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The Blitzoids - Stealing from Helpless Children / Look Up

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Artist: The Blitzoids

Album: Stealing from Helpless Children / Look Up

Label: Ad Hoc

Review date: Mar. 20, 2007

The De Chiara brothers, otherwise known as the Blitzoids, are finally getting some well deserved play and press in the wake of this fine reissue of the Chicago group’s 1987 and 1990 albums. As is often cited, the Residents are certainly models for this duo’s minimalist song structures, and the percussion on Stealing from Helpless Children is very reminiscent of early Residents and of the less-polished output from the Los Angeles Free Music Society in general. Think of the Blorp Esset album’s weirder moments, and you’re on the right track. However, latterday Residential social awareness also comes to the fore, notably in the politically charged lyrics of “No Time.” It’s a late-’80s, world-annihilation piece set to a grotesque waltz, a chilly bit of global theater. The Residents would approve.

However, Renaldo and the Loaf form an equal part of the Blitzoids’ sonic brew, another band whose originality has been underappreciated. Like Renaldo, the Blitzoids reach deep into the innovations of the Western European avant-garde cannon, engaging in jump-cuts, strange jazz-inflected harmonies and all manners of sound manipulation, so that 20 years after the fact, their debut sounds like no one but them.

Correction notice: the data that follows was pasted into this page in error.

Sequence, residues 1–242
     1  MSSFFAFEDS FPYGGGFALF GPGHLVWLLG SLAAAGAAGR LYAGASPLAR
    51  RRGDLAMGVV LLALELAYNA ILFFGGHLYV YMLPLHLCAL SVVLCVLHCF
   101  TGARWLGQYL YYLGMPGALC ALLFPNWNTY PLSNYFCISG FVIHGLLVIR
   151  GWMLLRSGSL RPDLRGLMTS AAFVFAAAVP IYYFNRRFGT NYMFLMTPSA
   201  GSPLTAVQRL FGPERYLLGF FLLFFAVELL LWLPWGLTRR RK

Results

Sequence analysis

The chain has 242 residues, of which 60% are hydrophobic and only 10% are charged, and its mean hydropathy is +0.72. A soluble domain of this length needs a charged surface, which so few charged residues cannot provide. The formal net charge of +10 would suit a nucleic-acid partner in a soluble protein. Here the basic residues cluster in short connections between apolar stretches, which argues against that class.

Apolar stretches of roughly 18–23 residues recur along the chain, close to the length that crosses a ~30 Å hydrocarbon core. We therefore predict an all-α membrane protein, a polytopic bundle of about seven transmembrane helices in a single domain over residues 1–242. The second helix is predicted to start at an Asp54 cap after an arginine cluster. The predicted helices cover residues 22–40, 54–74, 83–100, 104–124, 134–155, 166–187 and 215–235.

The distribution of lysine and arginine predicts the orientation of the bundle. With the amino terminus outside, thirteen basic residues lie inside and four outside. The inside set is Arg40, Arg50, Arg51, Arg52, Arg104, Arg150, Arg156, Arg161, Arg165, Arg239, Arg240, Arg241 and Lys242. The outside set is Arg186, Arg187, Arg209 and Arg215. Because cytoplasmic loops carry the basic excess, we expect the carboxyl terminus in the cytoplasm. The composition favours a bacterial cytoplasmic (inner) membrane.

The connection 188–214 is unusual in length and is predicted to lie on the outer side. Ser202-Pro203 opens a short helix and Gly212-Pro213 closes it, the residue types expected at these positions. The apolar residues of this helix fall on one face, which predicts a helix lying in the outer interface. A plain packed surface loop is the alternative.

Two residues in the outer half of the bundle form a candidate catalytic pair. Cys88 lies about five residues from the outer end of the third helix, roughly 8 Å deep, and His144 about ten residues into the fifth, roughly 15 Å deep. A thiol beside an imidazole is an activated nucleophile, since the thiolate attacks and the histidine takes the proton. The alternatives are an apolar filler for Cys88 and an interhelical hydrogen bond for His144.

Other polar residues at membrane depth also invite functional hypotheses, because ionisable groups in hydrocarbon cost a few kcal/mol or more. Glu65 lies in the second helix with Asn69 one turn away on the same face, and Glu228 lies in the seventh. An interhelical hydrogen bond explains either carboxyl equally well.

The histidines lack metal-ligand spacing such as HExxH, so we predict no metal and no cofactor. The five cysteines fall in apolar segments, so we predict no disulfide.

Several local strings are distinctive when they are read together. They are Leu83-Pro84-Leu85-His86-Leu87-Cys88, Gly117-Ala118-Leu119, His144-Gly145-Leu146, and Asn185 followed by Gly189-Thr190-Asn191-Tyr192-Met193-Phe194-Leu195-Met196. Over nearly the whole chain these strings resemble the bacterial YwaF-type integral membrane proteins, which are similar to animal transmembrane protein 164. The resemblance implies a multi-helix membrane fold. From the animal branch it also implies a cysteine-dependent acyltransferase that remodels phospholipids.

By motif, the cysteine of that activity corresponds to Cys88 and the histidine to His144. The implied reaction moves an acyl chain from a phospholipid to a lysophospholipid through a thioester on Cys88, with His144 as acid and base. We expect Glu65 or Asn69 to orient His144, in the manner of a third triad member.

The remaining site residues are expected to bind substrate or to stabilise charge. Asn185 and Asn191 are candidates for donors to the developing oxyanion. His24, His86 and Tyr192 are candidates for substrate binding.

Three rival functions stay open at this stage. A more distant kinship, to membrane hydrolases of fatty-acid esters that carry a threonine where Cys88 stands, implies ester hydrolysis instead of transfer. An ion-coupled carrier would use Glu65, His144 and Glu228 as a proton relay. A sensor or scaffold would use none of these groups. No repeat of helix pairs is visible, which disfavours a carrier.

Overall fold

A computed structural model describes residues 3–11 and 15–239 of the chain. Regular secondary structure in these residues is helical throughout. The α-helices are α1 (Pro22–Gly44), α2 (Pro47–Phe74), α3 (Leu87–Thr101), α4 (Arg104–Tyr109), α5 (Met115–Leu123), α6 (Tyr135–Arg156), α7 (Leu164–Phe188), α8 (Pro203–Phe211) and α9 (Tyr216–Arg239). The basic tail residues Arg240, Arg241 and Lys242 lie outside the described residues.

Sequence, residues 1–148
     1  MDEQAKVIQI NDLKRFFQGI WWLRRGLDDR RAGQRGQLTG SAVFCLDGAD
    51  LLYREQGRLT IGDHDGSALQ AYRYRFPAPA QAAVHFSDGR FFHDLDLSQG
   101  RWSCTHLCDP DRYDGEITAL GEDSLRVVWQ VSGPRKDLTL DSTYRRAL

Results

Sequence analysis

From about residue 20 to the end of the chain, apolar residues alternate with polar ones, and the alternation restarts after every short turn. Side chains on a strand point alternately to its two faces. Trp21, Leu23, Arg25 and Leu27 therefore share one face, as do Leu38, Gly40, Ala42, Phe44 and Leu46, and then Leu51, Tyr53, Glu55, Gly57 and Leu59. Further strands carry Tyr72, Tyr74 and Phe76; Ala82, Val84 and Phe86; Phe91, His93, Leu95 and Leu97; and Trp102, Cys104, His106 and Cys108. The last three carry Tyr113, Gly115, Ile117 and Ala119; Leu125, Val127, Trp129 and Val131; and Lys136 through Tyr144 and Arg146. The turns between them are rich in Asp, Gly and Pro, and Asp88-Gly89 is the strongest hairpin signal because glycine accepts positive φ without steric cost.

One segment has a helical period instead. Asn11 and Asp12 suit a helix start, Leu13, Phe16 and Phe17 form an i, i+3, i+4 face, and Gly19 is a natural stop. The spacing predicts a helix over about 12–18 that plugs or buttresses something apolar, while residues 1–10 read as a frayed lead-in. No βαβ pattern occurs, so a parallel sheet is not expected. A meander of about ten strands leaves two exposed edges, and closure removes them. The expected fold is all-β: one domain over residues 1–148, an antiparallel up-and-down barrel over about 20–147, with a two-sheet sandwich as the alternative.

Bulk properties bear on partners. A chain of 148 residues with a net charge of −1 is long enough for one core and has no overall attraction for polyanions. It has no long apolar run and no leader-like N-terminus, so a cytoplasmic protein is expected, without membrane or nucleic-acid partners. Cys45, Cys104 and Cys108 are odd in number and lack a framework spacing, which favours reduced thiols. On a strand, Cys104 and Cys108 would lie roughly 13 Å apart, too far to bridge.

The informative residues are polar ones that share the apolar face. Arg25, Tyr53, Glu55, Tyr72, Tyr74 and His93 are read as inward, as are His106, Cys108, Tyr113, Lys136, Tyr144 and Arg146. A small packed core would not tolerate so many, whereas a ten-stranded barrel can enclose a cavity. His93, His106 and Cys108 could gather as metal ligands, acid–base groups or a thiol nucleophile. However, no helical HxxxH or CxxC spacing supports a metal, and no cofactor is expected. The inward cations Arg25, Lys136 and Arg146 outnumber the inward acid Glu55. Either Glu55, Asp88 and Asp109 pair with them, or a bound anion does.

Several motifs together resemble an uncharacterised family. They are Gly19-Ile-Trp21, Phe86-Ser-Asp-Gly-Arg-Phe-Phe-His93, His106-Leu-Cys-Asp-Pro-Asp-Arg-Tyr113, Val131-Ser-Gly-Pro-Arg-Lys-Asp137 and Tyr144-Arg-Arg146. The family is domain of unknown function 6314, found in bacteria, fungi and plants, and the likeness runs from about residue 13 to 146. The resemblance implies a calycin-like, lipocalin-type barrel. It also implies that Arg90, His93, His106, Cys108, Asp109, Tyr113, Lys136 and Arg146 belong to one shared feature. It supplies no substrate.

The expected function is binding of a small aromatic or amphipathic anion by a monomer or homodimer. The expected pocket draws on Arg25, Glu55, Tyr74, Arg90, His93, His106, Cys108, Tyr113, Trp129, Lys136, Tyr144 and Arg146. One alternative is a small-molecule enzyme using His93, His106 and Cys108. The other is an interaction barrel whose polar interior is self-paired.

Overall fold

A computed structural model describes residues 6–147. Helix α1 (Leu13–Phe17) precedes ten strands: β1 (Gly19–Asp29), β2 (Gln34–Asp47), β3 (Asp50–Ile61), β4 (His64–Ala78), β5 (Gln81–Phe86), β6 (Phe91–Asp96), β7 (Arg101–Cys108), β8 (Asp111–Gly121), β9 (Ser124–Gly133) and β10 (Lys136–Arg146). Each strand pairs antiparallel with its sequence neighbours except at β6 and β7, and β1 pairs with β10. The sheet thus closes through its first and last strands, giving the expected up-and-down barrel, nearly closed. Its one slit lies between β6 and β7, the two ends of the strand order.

Look Up is definitely an improvement sound-wise, as layers of orchestration have been added to many of the tracks. “13 Dog 23 Night” combines pastoral flute with a stripped-down, working-song back-beat of stalwart drums and guitar only to dissolve, temporarily, into a post-apocalyptic mélange of voices and detached riffage. The title track follows suit, spiraling toward nightmare, armed with blood-curdling screams.

I have painted a somber picture of this duo, but humor pervades much of the bonus material. It’s all still a bit dark though, as with the bizarrely cluttered version of “The Witchdoctor,” seemingly a Residents knockoff, complete with over-the-top vocal harmonizer in all registers. It straddles the line between parody and homage, and that’s part of the fun. Is it too much to hope that the Blitzoids might have a record or two left inside them? Either way, many thanks to Ad Hoc for another great slice of history.

By Marc Medwin

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